The Newlyweds is a deeply felt and brilliantly crafted novel of cross-cultural love. It’s the tale of Amina Mazid, a 24-year old woman from Bangladesh who agrees to migrate to Rochester, New York, to marry George Stillman – a man who met and wooed her online. She does it to help her elderly parents, and believes that she is leaving behind any residual feelings for a charismatic and unmarried friend of her family who remains in her homeland but stays in contact with her.

The precise descriptions of upstate New York in winter, and Bangladesh in summer – the delicate rendering of the dilemmas of a young woman trying to please both her parents and herself – make this a must-read for any romantic at heart.


10. The Improbability of Love by Hannah Rothschild.

Twelve of the best books to read to capture the feel of the month of February.

We read The Improbability of Love on a rainy afternoon one February, and we think it easily earns its place on this list. It’s a hysterically funny and insightful look into the art world and the passions that fuel it. Narrated by . . . a painting.

A young woman is working as an assistant to two somewhat sinister art dealers when she purchases a painting in a dusty antique shop that turns out to be lost masterpiece. The painting chimes in regularly to recount its history, taking us from the glamour of a London auction house to a flamboyant eighteenth-century-style dinner party, and a modest home in Berlin. Food, art, romance and mystery — what more could one want in February?


11. Daisy Jones & The Six by Taylor Jenkins Reid.

A hopeless burning passion is the perfect basis for a February read. Which is why Daisy Jones and the Six is on our must-read list. The author of The Seven Husbands of Evelyn Hugo returns with an “oral history” of a fictional 1970’s rock band, Daisy Jones and the Six. Daisy is beautiful, strong-willed and wildly talented as a singer and songwriter. Billy Dunne is the lead guitarist in a band that seems to going sideways. Until his producer realizes that putting the two together will spark an irresistible fire.

He’s right, and the on-stage sparks are not for show. There’s an intense creative kinship between the two, who together write several songs in rapid succession that top the pop charts. There’s also an undeniable sexual attraction. The only problem? Billy’s married, and trying to stay sober. Daisy’s single, and deep into drugs. Suffice it to say, it becomes a bit difficult for them to work together. To be clear: we’re not aficionados of 1970’s rock and roll. But that didn’t turn out to matter. The romance and the tales of the road – the joy and agony of the art of song-writing – are riveting. And now whenever we hear Fleetwood Mac, we get it.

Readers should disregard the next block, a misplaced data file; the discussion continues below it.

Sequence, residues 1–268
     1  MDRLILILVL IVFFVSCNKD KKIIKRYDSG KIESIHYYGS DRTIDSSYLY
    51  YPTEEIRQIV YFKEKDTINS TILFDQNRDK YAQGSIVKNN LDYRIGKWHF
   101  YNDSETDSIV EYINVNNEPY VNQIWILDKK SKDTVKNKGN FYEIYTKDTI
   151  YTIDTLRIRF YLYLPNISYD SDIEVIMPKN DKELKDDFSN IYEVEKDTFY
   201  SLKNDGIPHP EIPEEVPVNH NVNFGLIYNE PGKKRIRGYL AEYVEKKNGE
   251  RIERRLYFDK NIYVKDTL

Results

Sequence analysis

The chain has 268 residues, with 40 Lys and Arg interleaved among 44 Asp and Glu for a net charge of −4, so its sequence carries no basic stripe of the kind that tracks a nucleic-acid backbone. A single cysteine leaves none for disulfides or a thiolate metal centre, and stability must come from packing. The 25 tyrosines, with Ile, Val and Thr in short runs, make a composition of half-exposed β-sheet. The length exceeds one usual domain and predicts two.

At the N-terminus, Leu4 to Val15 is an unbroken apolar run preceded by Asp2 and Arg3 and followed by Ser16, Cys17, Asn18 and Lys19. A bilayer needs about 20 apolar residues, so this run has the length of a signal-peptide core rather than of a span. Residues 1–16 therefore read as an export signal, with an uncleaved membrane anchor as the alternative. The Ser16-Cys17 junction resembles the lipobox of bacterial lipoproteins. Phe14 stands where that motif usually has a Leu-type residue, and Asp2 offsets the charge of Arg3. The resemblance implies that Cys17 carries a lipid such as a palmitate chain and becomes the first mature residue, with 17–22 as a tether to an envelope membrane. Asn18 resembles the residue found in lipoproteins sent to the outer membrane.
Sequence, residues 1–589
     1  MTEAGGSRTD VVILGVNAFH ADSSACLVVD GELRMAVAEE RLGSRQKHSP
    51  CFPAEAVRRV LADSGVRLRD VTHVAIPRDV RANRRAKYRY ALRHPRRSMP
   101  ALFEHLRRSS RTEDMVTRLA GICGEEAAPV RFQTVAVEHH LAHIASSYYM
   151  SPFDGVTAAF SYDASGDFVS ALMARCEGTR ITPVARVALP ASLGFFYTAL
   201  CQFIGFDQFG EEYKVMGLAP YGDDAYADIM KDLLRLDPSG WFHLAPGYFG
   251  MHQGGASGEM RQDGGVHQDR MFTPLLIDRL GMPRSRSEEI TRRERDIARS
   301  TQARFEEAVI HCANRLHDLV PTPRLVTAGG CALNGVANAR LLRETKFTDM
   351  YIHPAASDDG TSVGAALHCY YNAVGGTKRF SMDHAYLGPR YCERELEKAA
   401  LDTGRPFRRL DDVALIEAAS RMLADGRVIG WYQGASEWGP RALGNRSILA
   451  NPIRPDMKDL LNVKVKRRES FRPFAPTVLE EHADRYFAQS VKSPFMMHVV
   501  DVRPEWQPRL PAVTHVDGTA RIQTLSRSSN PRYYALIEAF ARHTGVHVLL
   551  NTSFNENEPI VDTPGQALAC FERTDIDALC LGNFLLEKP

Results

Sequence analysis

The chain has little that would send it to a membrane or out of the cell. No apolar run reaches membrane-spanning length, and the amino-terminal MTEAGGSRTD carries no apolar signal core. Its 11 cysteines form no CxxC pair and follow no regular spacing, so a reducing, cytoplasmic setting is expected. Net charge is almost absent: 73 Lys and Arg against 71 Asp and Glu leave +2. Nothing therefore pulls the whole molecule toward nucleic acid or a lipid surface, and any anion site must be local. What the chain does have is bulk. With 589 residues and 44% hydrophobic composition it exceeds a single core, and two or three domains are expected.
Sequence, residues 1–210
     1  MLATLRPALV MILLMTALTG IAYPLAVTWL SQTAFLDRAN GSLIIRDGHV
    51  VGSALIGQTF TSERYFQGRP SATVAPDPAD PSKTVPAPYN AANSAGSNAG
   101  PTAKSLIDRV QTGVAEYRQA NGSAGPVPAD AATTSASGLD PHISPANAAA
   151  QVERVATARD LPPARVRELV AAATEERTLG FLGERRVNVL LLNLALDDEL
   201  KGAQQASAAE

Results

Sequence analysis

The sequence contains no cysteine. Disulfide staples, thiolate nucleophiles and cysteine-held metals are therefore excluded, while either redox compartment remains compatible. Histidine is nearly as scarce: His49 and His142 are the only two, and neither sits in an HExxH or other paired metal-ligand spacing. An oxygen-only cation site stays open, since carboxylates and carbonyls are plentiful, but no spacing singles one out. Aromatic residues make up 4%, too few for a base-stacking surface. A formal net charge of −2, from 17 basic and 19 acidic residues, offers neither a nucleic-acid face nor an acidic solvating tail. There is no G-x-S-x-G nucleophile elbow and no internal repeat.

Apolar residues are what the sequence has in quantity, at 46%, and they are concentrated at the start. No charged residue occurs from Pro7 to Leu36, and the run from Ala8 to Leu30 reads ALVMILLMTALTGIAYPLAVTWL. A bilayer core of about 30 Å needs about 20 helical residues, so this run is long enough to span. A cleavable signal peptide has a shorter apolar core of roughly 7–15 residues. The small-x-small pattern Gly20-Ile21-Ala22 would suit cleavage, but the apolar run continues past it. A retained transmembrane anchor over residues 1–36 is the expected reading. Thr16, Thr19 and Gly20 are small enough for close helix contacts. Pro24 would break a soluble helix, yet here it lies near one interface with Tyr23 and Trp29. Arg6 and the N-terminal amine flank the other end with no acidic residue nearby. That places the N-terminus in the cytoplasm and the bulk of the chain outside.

12. the fire next time by James Baldwin.

the books to read that best capture the mood and vibe of February, making them perfect books to read to feel

Twelve of the best books to read to capture the feel of the month of February.

The Fire Next Time is an incredible cri de coeur from a brilliant man – and it may actually be the most powerful love letter ever written to or about one’s native land. First published in 1963, this iconic work consists of two “letters,” written on the occasion of the centennial of the Emancipation Proclamation.

It’s an exhortation to Americans, both black and white, to attack the terrible legacy of racism – and Baldwin’s clarion call still rings true today. Consider this required annual reading, especially during Black History Month.


13. Owls of the Eastern Ice by by Jonathan C. Slaght.

the books to read that best capture the mood and vibe of February, making them perfect books to read to feel

Twelve of the best books to read to capture the feel of the month of February.

Owls of the Eastern Ice: A Quest to Find and Save the World’s Largest Owl is a true love story of a very different kind. The author is a conservationist who becomes obsessed after sighting a Blakiston’s fish owl in the Russian province of Primorye for the first time. The species is one of the most mysterious birds on the planet – so large that “it resembles a small bear with feathers.” The encounter convinces him that science is his life’s calling. What follows is a 5-year odyssey through the forests of Eastern Russia in search of this elusive, magnificent creature.

His quest to help ensure the survival of this rare avian species comes to resemble a kind of mad, devoted pursuit of one’s beloved. He reports climbing “rotting trees to check nests for precious eggs,” and “mad dashes across thawing rivers.” The things we do for love.


books to read that capture feel the month of February

That’s our take on the best novels, poetry collections and nonfiction books to fuel your February adventures. Pascal wrote: The heart has its reasons which reason knows nothing of. You might want to keep that in mind this month, dear reader.

Pamela Thomas-Graham

Pamela Thomas-Graham is the Founder & CEO of Dandelion Chandelier. She serves on the boards of several tech companies, and was previously a senior executive in finance, media and fashion, and a partner at McKinsey & Co.